However, Calvin does claim that Christ’s flesh (body) is different from ours only in that it was sanctified in Mary’s womb and born without sin. He refers to Genesis 3:15 for support of this, “. . . the seed of the woman will bruise the head of the serpent.” Therefore, Christ has no earthly father since the seed of sin is carried into mankind (all people) via Adam and not Eve. This is not to say that Eve was without sin after she committed her first sin, but to confirm that Christ is virgin born and thus born without an earthly father and therefore without sin.

Calvin has much more to say about this issue and thus we will continue in this same line of thought in the next post (part 2), and go into more detail.

[Stay tuned . . . more to come!]

Tuesday, January 17, 2006

Top Ten (10) Most Important Men of Christianity

In the spirit of the “top lists” at Faith and Theology, I wanted to provide my “top list” of the ten most important and influential men in Christian history. My criteria for this list included:

A) What they wrote (or what was written about them) changed the hearts and mind of those who read them

B) What they did/wrote altered the Church’s thinking and history itself

C) Their theological/philosophical writings developed a trend in the thoughts and writings of those who followed them.

D) They still have a strong influence today in the lives of people and history

Here is my top ten (10) list of the most important men of Christianity (in historical chronological order):

1. Jesus of Nazareth
2. The Apostle Paul
3. Athanasius
4. Augustine of Hippo
5. Thomas Aquinas
6. Martin Luther
7. John Calvin
8. Thomas Cranmer
9. Karl Barth
10. C.S. Lewis

Any thoughts on these, or do have any you think, perhaps, should have made the list?

Monday, January 16, 2006

Quote of the Week

"Among all the human pursuits the pursuit of wisdom is more perfect, more noble, more useful and more full of joy."

-- Saint Thomas Aquinas

John Calvin’s Theology (Part Five) – The Human Condition: How Did Adam’s Sin Affect the Human Race?

Calvin taught that Adam’s sin had a serious affect on the state of the entire human race. Because of the first sin of our Parents, Calvin declares that sin has ever since had dominion on human kind; but in what ways?

Calvin states, “Having seen that the dominion of sin, ever since the first man was brought under it, not only extends to the whole race, but has complete possession of every soul, it now remains to consider more closely, whether, from the period of being thus enslaved, we have been deprived of all liberty; and if any still remains, how far its power extends.” However, Calvin taught that human liberty was not the only thing affected by Adam’s sin. Calvin also believed that the human mind, human uprightness (or righteousness) and every other aspect of our being was affected by Adam’s sin.

According to Calvin we can simply observe and see how man is now slothful, arrogant, prone to erroneous thinking, and enslaved by our appetites and desires. Therefore, the mind, the soul, and the body are duly affected by Adam’s sin.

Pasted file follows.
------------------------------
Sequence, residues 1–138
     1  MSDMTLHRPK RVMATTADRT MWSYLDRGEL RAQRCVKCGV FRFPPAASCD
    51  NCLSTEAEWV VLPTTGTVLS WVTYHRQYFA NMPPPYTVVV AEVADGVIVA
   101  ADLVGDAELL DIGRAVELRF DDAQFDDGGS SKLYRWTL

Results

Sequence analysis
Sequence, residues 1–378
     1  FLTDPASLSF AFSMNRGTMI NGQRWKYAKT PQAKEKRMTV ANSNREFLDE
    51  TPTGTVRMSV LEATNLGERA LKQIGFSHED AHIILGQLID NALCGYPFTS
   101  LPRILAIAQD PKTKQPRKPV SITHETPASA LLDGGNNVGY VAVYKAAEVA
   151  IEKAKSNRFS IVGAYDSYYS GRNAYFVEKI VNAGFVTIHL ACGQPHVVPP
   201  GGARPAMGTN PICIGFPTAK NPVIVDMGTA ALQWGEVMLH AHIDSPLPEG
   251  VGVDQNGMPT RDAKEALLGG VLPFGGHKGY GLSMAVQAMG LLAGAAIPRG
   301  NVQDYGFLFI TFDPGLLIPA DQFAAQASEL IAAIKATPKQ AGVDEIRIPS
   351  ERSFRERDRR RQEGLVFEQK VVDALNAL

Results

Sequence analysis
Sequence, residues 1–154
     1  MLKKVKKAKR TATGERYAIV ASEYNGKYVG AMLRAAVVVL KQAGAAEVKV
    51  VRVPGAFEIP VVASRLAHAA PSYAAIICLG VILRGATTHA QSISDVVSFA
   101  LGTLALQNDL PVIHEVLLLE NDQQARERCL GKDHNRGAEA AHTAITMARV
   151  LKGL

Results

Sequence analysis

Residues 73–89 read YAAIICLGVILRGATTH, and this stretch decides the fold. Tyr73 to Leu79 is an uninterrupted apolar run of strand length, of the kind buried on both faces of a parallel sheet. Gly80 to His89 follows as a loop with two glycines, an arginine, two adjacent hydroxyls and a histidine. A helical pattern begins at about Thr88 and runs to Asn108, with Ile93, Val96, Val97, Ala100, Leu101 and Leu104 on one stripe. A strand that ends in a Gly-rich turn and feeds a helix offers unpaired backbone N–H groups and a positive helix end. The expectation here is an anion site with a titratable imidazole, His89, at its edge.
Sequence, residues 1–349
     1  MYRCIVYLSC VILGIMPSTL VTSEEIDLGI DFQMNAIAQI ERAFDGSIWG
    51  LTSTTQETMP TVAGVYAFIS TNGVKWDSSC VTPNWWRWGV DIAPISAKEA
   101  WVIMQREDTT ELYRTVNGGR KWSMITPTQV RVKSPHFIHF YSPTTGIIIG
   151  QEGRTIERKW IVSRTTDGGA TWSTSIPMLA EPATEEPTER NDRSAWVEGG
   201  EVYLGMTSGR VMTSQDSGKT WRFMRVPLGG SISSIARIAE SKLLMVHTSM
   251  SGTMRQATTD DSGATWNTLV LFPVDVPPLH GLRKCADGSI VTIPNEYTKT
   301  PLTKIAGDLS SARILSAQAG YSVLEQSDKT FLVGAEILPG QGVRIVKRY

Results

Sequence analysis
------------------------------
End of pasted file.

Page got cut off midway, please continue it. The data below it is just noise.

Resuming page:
Post fall, Calvin believed the facilities or faculties of the mind (i.e. reason, appetite and will) which work in conjunction with the soul have been corrupted to such a degree, without special grace, man cannot perform good works. Now, by “special grace” Calvin means that work of God in an individual to change the individual’s disposition. While Calvin believes that the fall of mankind certainly did not eliminate human freedom (i.e. liberty), the fall did, nonetheless, affect it in such a way that human freedom is now very limited. Calvin supports this by declaring, “All this being admitted, it will be beyond dispute that free will does not enable any man to perform good works, unless he is assisted by grace; indeed, the special grace which the elect alone receive through regeneration.”

So, for Calvin, post fall, mankind’s freedom is not eliminated. Man is still free to choose, and does freely choose. However, man cannot choose that which is good (i.e. God) without the special grace of God. Moreover, the noetic effects of sin are such that man is no longer able to think the thoughts of God, and the human mind is now prone to error. Sin also has affected the soul and its appetites in relation to the mind, since prior to the fall man only desired God, now man desires all sorts of impurities and lusts. In short, the fall, according to Calvin, affected mankind’s reason, appetites, will, and liberty, to such an extent that it takes an act of God in the individual to alter this sinful disposition and change these faculties (or facilities).

[Stay tuned . . . more to come . . . we will now turn our attention to Calvin’s Christology]

Sunday, January 15, 2006

What Do You Think?

So what do you all think? A friend of mind, Doug Beaumont of IrContent, designed a new header image for me. I have been trying myself, with no success at all, to create a header that had a "shadow" behind it to help 'highlight', so to speak, the name of my blog.

Well, over the weekend Doug created the image and sent it to me and with his help (I'm a "newbie" to html/xhtml codes and such) I got the image positioned and sized in the header.